Formula and early childhood nutrition company Similac, with award-winning director Cynthia Wade, have created a documentary that is as candid as it is moving. In an effort to end the judgement mothers face on a far-too-frequent basis, a group of vastly different mothers talk honestly about the shame they face, as well as the shame they've made other mothers feel. The result is a truth bomb that every mother who has ever been judged — or who has judged others — should see.
As a mother to a 1-year-old son, hearing each brave mother share their own story was like hearing my motherhood journey being told back to me. I am not married to the father of my son, although we are very much committed and together. I’m judged frequently for being a “single” mother, and people assume we aren’t as good a parents as we could be if we were married. I was unable to breastfeed after six months, and every passive-aggressive “breast is best” post only made me feel ineffectual and broken. My partner and I lost one of our twins at twenty weeks, so it was difficult for us to be completely excited or celebratory about the remainder of my pregnancy. I work from home, and am often made to feel like I don't spend enough quality time with my son as a result.
And I am anything but alone, which is perhaps the best part of the film. As each woman shares her own story, explains all the ways she's been judged and confesses her own judgmental tendencies, you begin to feel connected to women you may have accidentally shamed yourself.
The film starts with the mothers explaining that, yes, they judge other mothers too. It's refreshing and real and wonderful to hear mothers admit to a learned reaction to someone else's choices. The more we talk about what 95 percent of mothers report feeling, the greater are chances are to end it.
From working moms...
To unmarried moms...
To judging parenting decisions in general.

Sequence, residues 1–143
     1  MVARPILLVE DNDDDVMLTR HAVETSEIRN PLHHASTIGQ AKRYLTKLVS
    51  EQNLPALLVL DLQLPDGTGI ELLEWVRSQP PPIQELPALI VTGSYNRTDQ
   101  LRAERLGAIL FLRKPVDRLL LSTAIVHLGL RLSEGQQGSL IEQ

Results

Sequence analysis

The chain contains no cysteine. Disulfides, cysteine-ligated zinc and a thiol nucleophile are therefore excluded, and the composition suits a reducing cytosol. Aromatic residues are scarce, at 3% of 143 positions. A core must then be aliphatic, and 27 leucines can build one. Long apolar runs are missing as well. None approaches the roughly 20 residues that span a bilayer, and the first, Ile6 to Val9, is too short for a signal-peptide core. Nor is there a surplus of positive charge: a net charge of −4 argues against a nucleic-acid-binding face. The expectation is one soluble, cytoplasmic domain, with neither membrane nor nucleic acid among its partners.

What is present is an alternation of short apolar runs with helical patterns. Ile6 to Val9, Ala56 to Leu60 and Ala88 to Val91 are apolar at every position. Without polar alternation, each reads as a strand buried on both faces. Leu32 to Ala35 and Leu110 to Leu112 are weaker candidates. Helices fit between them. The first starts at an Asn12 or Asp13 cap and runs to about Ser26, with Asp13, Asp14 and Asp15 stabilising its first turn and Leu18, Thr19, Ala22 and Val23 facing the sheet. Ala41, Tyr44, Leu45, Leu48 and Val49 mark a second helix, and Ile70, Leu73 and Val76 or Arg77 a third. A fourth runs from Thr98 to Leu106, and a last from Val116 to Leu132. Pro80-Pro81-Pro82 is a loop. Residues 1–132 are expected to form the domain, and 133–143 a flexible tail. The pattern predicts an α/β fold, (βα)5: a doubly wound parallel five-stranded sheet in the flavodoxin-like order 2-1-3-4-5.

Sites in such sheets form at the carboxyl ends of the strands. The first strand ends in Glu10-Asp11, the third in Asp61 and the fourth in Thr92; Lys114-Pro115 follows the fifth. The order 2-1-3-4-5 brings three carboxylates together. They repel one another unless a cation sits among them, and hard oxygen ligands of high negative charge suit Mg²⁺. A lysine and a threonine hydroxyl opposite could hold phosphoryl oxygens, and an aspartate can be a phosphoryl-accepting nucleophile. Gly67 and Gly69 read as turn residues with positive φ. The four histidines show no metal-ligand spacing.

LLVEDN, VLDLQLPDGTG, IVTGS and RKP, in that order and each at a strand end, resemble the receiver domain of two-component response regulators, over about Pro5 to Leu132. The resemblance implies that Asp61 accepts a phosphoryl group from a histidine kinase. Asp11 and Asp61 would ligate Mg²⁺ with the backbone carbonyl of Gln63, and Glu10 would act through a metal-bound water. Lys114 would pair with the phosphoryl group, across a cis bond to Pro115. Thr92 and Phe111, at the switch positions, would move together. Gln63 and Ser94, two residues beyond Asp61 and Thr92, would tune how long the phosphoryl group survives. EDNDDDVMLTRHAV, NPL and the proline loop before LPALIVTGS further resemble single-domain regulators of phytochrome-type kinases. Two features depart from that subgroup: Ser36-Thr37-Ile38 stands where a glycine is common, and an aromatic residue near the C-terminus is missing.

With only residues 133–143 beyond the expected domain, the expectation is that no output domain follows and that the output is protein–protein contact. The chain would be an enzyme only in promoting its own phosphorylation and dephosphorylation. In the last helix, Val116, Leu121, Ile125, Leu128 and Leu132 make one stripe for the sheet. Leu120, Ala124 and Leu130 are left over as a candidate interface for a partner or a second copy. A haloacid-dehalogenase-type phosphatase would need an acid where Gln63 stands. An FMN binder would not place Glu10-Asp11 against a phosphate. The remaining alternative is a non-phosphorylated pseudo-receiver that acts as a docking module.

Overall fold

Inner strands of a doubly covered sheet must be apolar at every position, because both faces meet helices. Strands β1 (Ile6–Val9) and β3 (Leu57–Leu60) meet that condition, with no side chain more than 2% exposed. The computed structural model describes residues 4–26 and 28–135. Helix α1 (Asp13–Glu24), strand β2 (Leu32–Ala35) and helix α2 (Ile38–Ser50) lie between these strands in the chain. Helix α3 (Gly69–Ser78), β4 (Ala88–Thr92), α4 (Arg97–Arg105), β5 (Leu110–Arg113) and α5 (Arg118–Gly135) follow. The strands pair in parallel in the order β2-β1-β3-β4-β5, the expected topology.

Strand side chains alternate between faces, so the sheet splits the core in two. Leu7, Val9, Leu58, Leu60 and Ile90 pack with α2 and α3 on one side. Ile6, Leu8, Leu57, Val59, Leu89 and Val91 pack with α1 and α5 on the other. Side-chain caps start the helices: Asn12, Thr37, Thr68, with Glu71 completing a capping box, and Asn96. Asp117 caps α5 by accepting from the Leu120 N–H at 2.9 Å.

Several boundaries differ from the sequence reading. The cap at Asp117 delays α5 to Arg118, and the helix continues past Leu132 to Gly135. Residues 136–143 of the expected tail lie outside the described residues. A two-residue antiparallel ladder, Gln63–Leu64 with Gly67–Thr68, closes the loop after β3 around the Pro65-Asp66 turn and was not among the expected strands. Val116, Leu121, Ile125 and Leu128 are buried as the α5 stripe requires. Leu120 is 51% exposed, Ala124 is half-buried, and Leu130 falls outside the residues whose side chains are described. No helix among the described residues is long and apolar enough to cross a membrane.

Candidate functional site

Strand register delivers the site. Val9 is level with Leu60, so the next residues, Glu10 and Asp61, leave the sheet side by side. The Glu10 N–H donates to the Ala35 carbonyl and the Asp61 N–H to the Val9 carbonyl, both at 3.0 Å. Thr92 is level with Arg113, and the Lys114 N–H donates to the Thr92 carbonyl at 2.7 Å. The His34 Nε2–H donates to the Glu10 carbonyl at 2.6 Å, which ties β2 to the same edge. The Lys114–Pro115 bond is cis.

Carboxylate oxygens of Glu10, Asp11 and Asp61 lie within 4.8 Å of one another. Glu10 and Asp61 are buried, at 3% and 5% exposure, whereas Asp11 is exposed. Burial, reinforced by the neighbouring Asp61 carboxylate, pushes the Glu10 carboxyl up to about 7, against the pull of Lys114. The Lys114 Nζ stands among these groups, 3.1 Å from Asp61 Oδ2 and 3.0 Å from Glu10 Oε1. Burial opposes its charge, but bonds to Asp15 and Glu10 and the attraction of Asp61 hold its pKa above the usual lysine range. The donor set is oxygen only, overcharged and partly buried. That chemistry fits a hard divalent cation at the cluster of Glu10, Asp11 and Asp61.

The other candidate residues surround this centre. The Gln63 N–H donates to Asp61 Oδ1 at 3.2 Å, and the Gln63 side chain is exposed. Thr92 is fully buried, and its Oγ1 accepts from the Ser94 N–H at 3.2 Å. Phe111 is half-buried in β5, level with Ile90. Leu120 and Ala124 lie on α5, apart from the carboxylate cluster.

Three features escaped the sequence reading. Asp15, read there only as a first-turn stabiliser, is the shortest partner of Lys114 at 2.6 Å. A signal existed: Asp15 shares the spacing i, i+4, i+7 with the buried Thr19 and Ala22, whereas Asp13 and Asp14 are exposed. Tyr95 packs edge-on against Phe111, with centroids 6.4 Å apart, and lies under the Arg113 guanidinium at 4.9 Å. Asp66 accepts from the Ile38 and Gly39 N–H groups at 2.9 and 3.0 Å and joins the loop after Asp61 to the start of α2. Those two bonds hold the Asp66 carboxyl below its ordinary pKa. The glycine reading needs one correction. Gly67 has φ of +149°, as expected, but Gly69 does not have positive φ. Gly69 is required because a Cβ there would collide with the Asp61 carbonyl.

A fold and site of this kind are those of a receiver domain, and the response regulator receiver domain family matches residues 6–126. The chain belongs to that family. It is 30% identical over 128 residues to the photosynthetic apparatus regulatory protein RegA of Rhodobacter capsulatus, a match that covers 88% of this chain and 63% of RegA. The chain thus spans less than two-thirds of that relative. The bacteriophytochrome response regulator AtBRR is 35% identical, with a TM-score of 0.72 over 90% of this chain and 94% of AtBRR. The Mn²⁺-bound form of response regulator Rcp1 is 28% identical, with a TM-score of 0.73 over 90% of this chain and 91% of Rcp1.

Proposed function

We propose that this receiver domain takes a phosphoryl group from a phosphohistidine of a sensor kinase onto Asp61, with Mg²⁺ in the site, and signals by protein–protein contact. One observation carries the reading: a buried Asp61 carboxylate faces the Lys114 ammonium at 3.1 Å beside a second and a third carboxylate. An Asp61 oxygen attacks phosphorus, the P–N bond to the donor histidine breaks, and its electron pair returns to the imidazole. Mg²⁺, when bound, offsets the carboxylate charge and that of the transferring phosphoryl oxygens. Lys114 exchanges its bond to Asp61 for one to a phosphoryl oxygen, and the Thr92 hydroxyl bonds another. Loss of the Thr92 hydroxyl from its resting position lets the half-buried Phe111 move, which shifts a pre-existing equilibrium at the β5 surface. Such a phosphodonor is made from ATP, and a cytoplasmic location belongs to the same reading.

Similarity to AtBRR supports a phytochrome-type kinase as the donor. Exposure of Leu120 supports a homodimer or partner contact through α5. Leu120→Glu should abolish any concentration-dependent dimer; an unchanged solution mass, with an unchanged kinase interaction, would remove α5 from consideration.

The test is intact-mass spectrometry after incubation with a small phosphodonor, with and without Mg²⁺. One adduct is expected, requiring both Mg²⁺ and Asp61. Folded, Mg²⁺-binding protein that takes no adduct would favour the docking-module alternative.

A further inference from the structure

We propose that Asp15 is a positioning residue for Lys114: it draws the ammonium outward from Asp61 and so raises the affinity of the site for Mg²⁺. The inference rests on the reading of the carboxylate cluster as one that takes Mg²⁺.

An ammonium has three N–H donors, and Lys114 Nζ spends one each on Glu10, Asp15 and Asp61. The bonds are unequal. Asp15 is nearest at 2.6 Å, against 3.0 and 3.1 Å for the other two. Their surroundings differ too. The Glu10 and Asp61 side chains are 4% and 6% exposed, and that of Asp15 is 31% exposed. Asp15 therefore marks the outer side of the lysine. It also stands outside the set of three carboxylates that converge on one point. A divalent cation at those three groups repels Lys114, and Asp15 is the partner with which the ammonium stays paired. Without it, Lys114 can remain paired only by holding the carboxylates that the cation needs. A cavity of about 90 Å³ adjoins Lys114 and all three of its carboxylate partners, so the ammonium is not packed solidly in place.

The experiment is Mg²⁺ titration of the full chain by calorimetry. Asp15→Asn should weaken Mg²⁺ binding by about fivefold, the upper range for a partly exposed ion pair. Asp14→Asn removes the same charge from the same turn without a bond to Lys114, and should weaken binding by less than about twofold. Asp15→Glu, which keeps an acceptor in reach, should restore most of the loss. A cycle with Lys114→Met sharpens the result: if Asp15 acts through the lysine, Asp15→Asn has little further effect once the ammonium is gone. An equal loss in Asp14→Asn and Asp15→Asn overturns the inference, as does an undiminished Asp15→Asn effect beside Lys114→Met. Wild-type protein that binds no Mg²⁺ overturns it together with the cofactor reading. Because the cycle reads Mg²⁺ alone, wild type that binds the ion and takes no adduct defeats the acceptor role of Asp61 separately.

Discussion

And it's all so relatable, as it is something every mother has undoubtedly heard before.
But as the film continues, we begin to learn more about the new moms, the reasons why they make the choices they make, and how difficult those decisions can be.
Like Ada, who was shamed by her OB/GYN for returning to work when her newborn was two months old. She's the only woman in her department and although there are "three guys who have kids, they're still men." We see her discretely pumping in her office as Ada explains that she doesn't want her pumping to become an excuse for her not "performing at work." We also see her cry as she drops off her son at day care, a testament to how difficult it can be to do what is best for you and your family.
Then we learn about Leslie, a mom who gave birth to premie twins, who spent the first three weeks of their lives in the hospital. As a result, Leslie was unable to breastfeed. She describes normal run-ins with strangers, who make comments like, "Oh, that's breast milk, right?" and how detrimental that judgmental question can be.
We meet Shyrelle, a single mom who noticed people would look at her baby bump, then immediately look at her ring finger to see if she was married.
Because she is the only one providing for her family, she too is a working mom. (The scene of her leaving her daughter with her grandmother is heartbreaking.)
There's Yalixa, who shares her multiple pregnancy losses and her hesitance to celebrate her pregnancy. As a result of a lumpectomy she had after finding a lump in her breast, Yalixa couldn't breastfeed her daughter. She explains the devastation she felt, saying she was hard on herself for not providing her daughter with what she thought she needed.
We meet Elizabeth, who explains how quickly she's judged for having two children under two years old. People ask her inappropriate questions regarding her and her husband's sexual history, which, sadly, isn't at all surprising.
We meet a mother who is so excited, after dressing her daughter in pearls and tutus, to dress her newborn son in bow ties.
And another mother who is raising a child in a gender-neutral environment, shying away from clothing that will identify her child as male or female.
Which all leads up to a gorgeous moment, in which the new moms meet one another. While there was some initial judgments, as the women share their own stories with one another, they realize that they have more in common than not.
The women apologize to one another, which is beautiful and heart wrenching and just plain wonderful.
And when all is said in done, an awesome message is made:
"Getting to know them and getting to know their stories, and finding out how many commonalities we have, and the struggles we've had, I just feel a lot more compassion and empathy towards them and myself."
Images: Similac US/YouTube (16)